Bank officials and supporters have used the Ex-Im’s support for American small business as a first line of defense against a campaign by conservatives to shut it down as an exponent of “crony capitalism.” …“Rarely does Ex-Im miss a (public relations) opportunity to claim that it primarily helps small business, but Ex-Im is again playing fast and loose with the facts,” said Representative Jeb Hensarling, a Texas Republican who chairs the House Financial Services Committee. “The bulk of Ex-Im’s help indisputably goes to large corporations that can finance their own operations without putting it on the taxpayer balance sheet.”

For our second example, we have the absolutely horrifying spectacle of the Obama Administration trying to shut down Wisconsin’s school choice system.

Why? Well, because currying favor with union bosses is more important than improving educational opportunities for students from disadvantaged communities.

George Will explains what’s happening in his Washington Post column.

It is as remarkable as it is repulsive… Eager to sacrifice low-income children to please teachers unions, the Justice Department wants to destroy Wisconsin’s school choice program. Feigning concern about access for disabled children, the department aims to handicap all disadvantaged children by denying their parents access to school choices of the sort affluent government lawyers enjoy. …Wisconsin’s school choice program was pioneered by an American hero, Mississippi-born Annette Polly Williams, who died Nov. 9 at age 77. During her three decades in Wisconsin’s legislature, she overcame the opposition of fellow Democrats to offering education choices to low-income parents. At the end of her life, however, she saw an African American attorney general, serving an African American president, employing tortured legal reasoning in an attempt to bankrupt private schools that enlarge the education options of disadvantaged children. …Closing the voucher program is the obvious objective of the teachers unions and hence of the Obama administration. Herding children from the choice schools back into government schools would swell the ranks of unionized teachers, whose union dues fund the Democratic Party as it professes devotion to “diversity” and the downtrodden.

By the way, you probably won’t be surprised (given the White House’s cavalier approach to the rule of law) to learn that the Obama Administration is using is utterly nonsensical legal theory.

…federal lawyers argue that because public funds, in the form of tuition vouchers empowering parents to make choices, flow to private schools, the schools become “public entities.” …this is like arguing that when food stamps are used for purchases at Wal-Mart, America’s largest private employer ceases to be private — it becomes an extension of the government. Inconveniently for the Justice Department, the U.S. Supreme Court has said the fact that a “private entity performs a function which serves the public does not make its acts state action.”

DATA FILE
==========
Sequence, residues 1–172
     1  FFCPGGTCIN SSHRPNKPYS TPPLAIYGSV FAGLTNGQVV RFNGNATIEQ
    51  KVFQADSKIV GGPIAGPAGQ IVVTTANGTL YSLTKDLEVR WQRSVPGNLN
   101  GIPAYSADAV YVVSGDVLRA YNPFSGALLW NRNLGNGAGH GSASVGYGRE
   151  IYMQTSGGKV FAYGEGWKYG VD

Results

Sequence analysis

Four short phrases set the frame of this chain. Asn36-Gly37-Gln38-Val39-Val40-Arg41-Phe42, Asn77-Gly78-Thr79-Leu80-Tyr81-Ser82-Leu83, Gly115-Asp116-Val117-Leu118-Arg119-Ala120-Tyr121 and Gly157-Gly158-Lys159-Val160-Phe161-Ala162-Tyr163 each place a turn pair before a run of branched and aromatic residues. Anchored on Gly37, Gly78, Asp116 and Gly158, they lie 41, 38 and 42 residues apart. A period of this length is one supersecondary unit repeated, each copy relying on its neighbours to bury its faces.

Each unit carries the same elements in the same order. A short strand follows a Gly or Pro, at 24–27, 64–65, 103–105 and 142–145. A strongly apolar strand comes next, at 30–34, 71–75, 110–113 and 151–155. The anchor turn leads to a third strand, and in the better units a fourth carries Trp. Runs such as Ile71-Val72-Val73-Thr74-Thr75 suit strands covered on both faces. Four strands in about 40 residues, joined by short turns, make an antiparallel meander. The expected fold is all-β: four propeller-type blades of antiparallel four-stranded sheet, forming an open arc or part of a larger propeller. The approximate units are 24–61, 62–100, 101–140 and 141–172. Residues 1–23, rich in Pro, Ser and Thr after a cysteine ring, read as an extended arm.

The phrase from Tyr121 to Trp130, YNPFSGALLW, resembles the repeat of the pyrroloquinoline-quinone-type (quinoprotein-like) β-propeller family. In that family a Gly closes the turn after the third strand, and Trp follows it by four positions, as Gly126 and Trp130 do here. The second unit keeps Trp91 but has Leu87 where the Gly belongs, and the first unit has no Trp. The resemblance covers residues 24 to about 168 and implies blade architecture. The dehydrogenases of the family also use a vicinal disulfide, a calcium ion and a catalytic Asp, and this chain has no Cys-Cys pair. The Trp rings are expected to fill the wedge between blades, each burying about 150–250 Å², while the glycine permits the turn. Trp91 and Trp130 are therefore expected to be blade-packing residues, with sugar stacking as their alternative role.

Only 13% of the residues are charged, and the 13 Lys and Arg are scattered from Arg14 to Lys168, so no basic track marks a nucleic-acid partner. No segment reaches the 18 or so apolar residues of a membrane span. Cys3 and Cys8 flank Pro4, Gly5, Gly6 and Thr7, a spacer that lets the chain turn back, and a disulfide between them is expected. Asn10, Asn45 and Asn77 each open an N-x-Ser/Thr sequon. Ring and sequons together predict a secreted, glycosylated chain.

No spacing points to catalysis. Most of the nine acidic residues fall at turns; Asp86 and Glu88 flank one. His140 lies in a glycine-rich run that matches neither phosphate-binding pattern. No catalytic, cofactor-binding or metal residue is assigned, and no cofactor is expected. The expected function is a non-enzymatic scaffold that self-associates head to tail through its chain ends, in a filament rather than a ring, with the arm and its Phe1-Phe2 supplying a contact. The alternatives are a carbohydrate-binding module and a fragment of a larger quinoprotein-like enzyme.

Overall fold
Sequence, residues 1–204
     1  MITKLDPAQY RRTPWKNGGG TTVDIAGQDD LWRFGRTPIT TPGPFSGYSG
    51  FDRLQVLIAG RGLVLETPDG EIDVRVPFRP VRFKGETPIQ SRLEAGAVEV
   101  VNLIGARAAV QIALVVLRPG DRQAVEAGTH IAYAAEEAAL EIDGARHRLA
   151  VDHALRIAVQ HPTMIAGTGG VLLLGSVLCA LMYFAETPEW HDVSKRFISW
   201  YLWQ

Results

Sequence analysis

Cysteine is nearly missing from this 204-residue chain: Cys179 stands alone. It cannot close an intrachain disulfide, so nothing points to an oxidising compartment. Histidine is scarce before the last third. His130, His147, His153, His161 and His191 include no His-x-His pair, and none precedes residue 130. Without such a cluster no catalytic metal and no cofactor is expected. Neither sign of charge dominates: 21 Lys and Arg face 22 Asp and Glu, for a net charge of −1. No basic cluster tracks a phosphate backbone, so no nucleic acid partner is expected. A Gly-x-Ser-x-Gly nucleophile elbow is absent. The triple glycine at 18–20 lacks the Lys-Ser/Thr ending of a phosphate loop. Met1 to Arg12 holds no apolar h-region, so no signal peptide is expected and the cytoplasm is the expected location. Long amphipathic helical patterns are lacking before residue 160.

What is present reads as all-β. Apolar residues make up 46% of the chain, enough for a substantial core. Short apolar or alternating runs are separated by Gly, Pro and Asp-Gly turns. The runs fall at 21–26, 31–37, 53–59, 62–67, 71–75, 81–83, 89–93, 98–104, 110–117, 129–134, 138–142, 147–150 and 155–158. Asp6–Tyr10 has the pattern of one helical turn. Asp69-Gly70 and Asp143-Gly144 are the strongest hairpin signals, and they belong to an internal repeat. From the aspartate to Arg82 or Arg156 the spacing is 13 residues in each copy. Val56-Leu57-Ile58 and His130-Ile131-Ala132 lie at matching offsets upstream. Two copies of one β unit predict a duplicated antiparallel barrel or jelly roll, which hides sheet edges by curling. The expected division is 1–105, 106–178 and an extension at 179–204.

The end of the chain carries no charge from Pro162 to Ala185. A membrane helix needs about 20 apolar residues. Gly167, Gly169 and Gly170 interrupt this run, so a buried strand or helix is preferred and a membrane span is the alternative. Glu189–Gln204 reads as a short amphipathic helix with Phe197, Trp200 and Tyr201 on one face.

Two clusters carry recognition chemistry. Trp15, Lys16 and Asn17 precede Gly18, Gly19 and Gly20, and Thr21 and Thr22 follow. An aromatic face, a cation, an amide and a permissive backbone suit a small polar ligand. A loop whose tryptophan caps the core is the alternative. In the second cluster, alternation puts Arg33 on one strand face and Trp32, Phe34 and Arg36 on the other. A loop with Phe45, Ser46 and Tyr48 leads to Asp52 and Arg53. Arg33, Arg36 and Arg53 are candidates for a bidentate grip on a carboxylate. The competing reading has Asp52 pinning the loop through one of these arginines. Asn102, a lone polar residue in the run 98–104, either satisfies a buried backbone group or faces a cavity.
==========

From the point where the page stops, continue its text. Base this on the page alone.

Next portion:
The preposterous legal reasoning is a farce, but that doesn’t get me overly upset.

What does bother me is the way the White House is acting like the modern-day equivalent of George Wallace, standing in the schoolhouse door to prevent low-income (and largely minority) students from getting an opportunity for better education.

I guess that a black President (who sends his own kids to private school) consigning black children to the back of the proverbial bus shouldn’t surprise me too much. After all, some divisions of the NAACP also have decided that being politically allied with union bosses is more important that educational opportunity for minority kids.

But that doesn’t make it morally acceptable. Put yourself in the shoes of a low-income parent. Wisconsin’s school choice programs gives you some hope that your kids can break free of poverty. Imagine what it feels like, then, when some of the politicians who claim to be on your side then decide that your children are expendable pawns. How disgusting.

Since we’re talking about things that are disgusting, let’s shift back to the Ex-Im Bank. I’ve actually had some Republican types tell me that corporate welfare is okay because it “helps to offset” some of the redistribution from rich to poor.

I confess that I’m dumbstruck by such arguments. It’s sort of like hearing someone say it’s okay to murder, rape, and steal because other people are doing it.

This is why it’s not easy being a libertarian. Yes, we believe in small government for utilitarian reasons such as faster growth, higher living standards, and more jobs. But we’re also motivated by morality, by the belief that there’s right and wrong and that good people should strive to uphold the former and fight the latter.

That’s not a popular view in Washington, which is best characterized as an incestuous racket for the benefit of interest groups, politicians, cronyists, lobbyists, bureaucrats, contractors, and other insiders.

P.S. On a completely separate (and non-political) issue, I can’t resist seeking some sympathy after what happened to me this morning. I took two of my cats to the vet for their spay and neuter appointments. Some of you pet owners already know that most cats don’t like car rides, so you might have some inkling of what I’m about to report.